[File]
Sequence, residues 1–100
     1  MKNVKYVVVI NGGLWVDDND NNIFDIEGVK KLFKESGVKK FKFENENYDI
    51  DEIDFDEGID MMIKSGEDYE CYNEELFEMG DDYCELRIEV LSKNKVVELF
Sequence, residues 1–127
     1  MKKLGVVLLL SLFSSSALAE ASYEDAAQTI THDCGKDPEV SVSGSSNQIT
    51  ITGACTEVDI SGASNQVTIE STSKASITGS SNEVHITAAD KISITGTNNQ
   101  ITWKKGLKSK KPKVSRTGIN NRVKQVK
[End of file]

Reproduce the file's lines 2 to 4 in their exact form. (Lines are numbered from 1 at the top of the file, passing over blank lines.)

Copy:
     1  MKNVKYVVVI NGGLWVDDND NNIFDIEGVK KLFKESGVKK FKFENENYDI
    51  DEIDFDEGID MMIKSGEDYE CYNEELFEMG DDYCELRIEV LSKNKVVELF
Sequence, residues 1–127